The Fed’s Socialist Monetary Policies And What Comes Next

The comments below are an edited and abridged synopsis of an article by David Stockman

Since 1978, total financial assets held by the household sector have increased by $100 trillion. That’s just a proxy for the massive levels of bank deposits, money market funds, bonds, publicly traded shares and private equities that flow through America’s $21 trillion GDP.

The Fed's Socialist Monetary Policies And What Comes Next | BullionBuzz | Nick's Top Six
FED, Federal Reserve of US government direction on interest rate concept, compass on US Dollar banknote with Federal Reserve emblem.

The Fed spent the last 13 years smothering the money market rate. That’s socialism by any other name. Ironically, it’s leading to the same outcome as in the old Soviet Union: A failing economy for the masses and a concentration of wealth and privilege among the few elites who are close to the levers of control.

Since March 2008, the real federal funds rate has been deeply negative for 96% of the time and just a tad positive for a grand total of 7 months in 2019. Now, after last year’s money-printing orgy, the real federal funds rate stands at minus 2.37%, nearly the deepest level ever.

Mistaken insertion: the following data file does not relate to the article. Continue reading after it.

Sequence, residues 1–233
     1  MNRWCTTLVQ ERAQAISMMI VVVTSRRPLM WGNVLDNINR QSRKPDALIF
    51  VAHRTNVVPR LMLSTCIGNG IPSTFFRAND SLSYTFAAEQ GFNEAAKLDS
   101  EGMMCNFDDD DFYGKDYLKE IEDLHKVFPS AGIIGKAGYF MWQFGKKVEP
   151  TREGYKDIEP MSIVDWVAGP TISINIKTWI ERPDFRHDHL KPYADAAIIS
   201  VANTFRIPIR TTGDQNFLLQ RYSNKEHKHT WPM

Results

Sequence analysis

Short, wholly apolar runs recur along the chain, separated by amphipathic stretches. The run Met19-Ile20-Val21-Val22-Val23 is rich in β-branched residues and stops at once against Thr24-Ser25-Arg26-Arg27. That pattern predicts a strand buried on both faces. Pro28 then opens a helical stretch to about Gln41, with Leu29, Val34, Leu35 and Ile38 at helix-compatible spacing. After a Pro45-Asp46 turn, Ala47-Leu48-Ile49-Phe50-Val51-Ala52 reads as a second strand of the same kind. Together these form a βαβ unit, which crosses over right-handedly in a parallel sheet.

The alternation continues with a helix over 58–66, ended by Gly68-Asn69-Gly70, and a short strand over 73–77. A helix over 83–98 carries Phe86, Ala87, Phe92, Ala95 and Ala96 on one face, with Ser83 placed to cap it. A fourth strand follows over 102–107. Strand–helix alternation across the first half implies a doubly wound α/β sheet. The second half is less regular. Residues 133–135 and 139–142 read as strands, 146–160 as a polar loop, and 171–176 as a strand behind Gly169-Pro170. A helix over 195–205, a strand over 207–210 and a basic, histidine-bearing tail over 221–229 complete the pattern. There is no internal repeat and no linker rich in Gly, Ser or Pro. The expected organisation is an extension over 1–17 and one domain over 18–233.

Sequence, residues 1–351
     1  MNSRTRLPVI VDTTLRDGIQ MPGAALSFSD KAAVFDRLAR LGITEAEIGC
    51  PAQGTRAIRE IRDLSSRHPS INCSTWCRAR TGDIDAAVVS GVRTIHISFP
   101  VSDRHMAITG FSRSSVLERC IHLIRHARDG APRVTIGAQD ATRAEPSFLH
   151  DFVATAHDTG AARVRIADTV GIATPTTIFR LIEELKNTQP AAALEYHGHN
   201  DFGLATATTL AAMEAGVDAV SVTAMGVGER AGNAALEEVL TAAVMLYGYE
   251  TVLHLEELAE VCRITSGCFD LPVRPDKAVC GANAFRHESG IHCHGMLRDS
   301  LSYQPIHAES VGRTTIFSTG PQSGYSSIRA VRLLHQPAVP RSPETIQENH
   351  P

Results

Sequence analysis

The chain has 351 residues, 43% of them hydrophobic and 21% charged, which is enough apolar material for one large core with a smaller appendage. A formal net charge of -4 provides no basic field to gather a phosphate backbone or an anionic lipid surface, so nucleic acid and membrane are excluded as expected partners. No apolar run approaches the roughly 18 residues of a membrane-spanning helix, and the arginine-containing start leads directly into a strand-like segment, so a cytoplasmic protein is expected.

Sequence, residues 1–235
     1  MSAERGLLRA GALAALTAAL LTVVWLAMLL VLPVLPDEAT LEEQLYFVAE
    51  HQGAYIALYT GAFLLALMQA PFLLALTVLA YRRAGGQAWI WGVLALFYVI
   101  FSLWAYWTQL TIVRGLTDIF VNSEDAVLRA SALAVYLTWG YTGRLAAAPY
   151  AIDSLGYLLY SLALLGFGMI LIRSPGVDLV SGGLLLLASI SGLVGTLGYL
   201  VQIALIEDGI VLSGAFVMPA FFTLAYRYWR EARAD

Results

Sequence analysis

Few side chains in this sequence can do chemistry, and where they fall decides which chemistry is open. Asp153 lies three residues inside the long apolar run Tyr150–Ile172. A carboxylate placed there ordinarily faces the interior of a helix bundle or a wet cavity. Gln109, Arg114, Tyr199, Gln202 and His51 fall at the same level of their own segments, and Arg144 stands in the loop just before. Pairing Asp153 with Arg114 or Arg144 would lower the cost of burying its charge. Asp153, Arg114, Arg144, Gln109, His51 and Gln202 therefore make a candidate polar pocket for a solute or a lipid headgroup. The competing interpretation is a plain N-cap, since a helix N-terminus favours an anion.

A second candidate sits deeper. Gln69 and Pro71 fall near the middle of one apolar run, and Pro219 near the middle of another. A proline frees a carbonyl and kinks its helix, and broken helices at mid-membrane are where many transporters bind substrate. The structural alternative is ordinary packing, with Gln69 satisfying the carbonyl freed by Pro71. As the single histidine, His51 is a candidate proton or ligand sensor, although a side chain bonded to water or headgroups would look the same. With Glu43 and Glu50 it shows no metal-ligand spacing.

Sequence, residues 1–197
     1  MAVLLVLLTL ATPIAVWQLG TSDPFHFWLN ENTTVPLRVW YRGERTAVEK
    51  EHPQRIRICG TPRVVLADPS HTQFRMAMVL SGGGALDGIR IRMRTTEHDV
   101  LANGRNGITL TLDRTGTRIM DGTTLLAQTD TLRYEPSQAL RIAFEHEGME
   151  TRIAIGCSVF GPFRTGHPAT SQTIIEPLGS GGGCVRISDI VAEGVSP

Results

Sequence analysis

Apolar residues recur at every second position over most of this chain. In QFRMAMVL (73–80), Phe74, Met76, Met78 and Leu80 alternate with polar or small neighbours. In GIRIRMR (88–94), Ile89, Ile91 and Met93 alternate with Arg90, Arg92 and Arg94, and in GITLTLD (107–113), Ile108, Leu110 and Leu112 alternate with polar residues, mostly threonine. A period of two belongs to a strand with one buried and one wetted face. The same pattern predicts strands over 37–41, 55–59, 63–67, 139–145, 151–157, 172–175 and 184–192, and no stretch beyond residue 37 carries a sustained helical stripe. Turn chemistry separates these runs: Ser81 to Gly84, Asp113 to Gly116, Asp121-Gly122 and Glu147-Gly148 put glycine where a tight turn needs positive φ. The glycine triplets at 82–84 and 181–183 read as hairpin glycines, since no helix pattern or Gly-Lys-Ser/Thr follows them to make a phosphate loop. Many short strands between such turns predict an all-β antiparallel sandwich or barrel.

Never would participants in voluntary exchange on the free market lend money—even overnight—at a negative real rate. It defies economic logic.

Today, central bankers are aiming at the personal consumption expenditure deflator and the U-3 unemployment rate, but the enormous injections of liquidity designed to keep the interest rate control dial on target never really leave Wall Street Instead, they radically inflate the price of financial assets and deflate the carry cost of debt.

The C-suites cripple their balance sheets by allocating trillions to financial engineering maneuvers such as stock buybacks and uneconomic M&A deals.

A chart shows the net equity flow into the US business economy since 1994. During that 26-year period, there was a single year (2002) when nonfinancial corporations raised a positive amount of net equity, while liquidating a total of $8 trillion of book equity over the period.

So for the better part of the last three decades, the C-suites of corporate America have liquidated an average of $310 billion of corporate equity per year. They are running glorified hedge funds, not Main Street businesses.

When it comes to the task that the free market, not the central banking branch of the state, is suited for—generating rising living standards and real, sustainable wealth—the Fed is producing nothing of value.

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